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Fig. 3. (a, b) FE-SEM, (c,d) TEM images of un-doped, and (b, c)
Dy3+ doped IONPs, and (e) EDS data for Dy-IONPs sample.
2-pyrrolidone (NMP), was added to the mixture. After partially evaporating the NMP content of the mixture, the resulting paste was
pressed onto Ni foam (surface area of 1 cm2) under 10 MPa. The
resulting electrode was dried for 5 min at about 150 °C in an oven and
eventually the electrode was used as working electrode in the electrochemical tests. The mass of Dy-IONPs powder loaded onto the Ni foam
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M. Aghazadeh, M.R. Ganjali
line, and θ is the diffraction angle of the XRD pattern. From the diffraction line-width of the (311) peak, the average crystallite sizes of the
prepared undoped IONPs and Dy-IONPs were calculated to be 7.1 nm
and 13.1 nm, respectively.
It was reported that the cathodic deposition of metal hydroxides/
oxides can be illustrated as below [57,64]:
Electrochemical step:
2H2O + 2e–→ 2OH– + H2
Chemical step:
+ (2-x)Fe3+ + xDy3+ + 5OH–→Fe(II)Fe(III)
(1-x)DyxO4 + 1/2H2O
As a result of the above reaction, Dy3+ cations enter the Fe3O4
crystal structure through occupation of some sites normally taken by
Fe3+ cations. Hence, Dy3+-doped Fe3O4 is formed on the cathode
Fig. 3(a,b) present the FE-SEM images of the powders prepared
through the CE platform. Both electrodeposited powders have particle
morphologies and the particle sizes in the range of 10–20 nm. TEM
images of the undoped IONPs and doped Ho-IONPs are also shown in
Fig. 3c and d., uniform particle morphologies are observed for both
IONPs. The undoped IONPs have rather smaller size than doped IONPs,
as clearly seen in Fig. 3c and d. From TEM images, it was measured that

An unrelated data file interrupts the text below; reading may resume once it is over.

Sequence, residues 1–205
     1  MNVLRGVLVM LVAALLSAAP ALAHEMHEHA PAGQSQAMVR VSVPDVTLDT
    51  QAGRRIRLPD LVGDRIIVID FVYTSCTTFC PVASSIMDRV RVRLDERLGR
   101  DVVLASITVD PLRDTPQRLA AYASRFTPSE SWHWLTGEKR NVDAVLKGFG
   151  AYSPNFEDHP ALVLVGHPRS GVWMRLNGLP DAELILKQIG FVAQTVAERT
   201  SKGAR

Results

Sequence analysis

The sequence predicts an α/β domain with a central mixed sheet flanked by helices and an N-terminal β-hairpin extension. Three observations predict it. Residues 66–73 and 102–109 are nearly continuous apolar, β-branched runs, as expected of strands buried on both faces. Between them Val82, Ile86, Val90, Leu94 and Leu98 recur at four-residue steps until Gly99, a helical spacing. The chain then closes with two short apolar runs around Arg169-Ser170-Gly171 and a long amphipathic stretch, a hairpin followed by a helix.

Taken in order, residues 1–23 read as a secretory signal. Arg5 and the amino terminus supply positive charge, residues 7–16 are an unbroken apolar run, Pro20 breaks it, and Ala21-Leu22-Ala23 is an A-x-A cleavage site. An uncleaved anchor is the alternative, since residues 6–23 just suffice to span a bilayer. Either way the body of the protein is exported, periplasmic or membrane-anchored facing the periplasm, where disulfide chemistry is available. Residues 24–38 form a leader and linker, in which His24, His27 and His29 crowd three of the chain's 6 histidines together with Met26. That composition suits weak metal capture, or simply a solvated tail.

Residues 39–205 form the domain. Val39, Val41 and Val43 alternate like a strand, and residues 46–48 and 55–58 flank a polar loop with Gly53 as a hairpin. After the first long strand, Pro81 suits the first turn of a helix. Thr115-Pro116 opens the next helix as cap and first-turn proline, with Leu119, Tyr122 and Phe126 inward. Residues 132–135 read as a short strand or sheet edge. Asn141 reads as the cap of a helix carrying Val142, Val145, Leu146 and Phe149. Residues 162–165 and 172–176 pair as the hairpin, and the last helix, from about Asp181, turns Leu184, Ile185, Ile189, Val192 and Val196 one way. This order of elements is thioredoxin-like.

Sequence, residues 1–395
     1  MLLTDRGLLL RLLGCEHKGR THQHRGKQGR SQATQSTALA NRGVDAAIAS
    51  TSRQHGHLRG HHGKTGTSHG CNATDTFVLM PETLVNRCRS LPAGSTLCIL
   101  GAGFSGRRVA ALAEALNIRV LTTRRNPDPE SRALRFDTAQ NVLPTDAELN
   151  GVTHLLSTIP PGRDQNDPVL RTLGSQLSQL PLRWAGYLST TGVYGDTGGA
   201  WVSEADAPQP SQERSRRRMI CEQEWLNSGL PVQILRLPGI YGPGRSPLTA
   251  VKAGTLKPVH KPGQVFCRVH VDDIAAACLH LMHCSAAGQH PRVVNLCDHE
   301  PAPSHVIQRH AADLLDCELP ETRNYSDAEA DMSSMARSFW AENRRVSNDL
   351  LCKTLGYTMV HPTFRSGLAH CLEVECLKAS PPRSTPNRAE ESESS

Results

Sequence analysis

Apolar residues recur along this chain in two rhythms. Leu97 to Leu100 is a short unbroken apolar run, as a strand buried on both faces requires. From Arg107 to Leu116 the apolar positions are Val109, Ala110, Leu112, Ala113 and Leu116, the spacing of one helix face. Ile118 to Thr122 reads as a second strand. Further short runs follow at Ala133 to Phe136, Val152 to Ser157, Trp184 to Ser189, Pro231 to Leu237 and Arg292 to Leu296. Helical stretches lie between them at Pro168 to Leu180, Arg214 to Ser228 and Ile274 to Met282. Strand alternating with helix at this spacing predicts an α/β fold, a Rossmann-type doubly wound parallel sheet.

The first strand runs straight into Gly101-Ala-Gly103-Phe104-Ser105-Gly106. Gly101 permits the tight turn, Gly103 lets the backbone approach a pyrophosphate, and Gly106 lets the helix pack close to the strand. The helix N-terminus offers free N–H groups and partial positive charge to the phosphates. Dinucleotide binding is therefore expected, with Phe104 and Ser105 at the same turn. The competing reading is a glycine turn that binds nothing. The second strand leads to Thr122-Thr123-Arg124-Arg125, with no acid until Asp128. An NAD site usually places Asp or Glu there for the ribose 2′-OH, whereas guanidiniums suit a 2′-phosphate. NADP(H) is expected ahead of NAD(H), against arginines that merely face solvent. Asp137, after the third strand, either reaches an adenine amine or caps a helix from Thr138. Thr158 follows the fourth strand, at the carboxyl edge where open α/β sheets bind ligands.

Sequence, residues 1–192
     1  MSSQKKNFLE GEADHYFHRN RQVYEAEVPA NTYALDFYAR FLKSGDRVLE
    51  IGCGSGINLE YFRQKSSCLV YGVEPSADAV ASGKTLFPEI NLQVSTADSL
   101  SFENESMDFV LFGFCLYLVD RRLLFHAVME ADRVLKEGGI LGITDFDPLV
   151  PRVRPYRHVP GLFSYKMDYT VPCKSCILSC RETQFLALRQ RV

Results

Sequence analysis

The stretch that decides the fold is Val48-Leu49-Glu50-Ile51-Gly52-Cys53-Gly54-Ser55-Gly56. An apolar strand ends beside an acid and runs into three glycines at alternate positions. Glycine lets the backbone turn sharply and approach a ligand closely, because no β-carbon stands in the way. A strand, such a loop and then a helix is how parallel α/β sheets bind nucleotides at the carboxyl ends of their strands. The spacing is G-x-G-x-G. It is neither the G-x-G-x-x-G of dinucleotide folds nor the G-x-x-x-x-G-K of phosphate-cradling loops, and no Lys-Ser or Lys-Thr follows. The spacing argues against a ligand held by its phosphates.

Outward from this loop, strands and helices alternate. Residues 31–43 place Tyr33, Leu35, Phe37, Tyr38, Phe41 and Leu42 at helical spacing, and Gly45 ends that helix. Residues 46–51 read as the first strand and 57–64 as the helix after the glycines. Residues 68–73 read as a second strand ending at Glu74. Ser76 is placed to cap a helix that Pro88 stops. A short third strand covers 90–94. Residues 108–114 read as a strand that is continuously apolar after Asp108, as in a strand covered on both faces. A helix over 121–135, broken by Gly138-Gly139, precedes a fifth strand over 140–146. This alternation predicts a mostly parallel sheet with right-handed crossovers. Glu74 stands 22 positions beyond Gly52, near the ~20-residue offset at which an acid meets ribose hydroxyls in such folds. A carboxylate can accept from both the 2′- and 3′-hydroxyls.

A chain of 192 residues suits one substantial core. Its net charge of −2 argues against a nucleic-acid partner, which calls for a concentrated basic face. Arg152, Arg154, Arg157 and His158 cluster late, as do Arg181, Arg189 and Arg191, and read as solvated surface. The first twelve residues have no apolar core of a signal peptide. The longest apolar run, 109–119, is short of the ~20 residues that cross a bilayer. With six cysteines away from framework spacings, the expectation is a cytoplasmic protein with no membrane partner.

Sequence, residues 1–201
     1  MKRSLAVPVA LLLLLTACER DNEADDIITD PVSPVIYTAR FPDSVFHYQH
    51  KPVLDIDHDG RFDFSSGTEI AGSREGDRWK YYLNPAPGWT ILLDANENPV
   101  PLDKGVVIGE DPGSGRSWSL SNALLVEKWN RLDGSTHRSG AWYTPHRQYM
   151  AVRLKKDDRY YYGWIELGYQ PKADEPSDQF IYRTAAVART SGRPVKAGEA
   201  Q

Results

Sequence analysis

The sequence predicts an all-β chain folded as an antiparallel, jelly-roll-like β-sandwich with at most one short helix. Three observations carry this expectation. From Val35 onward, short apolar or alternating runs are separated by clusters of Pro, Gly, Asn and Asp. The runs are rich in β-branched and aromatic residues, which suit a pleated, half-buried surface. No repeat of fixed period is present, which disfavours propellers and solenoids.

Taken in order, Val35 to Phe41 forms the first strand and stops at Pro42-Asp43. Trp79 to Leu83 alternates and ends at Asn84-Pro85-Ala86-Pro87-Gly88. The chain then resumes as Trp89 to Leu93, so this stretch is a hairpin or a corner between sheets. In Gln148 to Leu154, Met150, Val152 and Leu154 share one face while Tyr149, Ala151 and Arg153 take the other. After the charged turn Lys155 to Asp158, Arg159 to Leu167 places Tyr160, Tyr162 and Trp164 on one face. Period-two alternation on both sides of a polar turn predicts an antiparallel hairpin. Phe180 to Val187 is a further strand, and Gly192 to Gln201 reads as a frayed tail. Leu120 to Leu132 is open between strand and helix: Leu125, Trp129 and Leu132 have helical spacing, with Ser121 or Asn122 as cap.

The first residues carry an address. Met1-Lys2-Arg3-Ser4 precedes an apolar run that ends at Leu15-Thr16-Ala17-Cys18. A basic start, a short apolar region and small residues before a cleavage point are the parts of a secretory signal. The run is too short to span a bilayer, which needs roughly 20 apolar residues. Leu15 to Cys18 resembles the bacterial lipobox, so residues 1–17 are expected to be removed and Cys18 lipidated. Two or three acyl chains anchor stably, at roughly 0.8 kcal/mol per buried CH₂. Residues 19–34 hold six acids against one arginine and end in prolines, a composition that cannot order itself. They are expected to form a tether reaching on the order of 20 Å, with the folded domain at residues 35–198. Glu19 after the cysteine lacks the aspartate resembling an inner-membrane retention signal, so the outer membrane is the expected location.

IONPs and Dy-IONPs to have average particle size of 8 nm and 12 nm,
respectively. The elemental analyses of the prepared nanoparticles were
performed through energy-dispersive X-ray (EDX), and the results are
given in Fig. 3e. According to this data, the electro-deposited Dy-IONPs
contained the iron, dysprosium and oxygen elements at the weight
percentages of 62.9%, 9.21% and 27.89%, respectively. Considering the
fact that the Dy3+ cations are located in the sites of Fe3+ in the Fe3O4
crystal structure, these values are very close to the those of magnetite
(i.e. iron(72.36%wt) and oxygen (27.64%wt)).
The magnetic hysteresis loops for the Dy-IONPs and IONPs are
presented in Fig. 4. The data on the naked IONPs has been adapted from
previous work [67,68]. The VSM profiles exhibited no hysteresis and
have S forms, as seen in Fig. 4. This proves the superparamagnetic
performance of both powders. Table 1 lists the magnetic data of the
prepared naked, and Dy3+-doped Fe3O4 powders, which includes saturation magnetization (Ms), remanent magnetization (Mr) and coercivity (HCi).
For the Dy-IONPs powder, the magnetic data are Ms =
46.93 emu g–1, Mr = 0.34 emu g–1 and HCi = 6.25 G. These values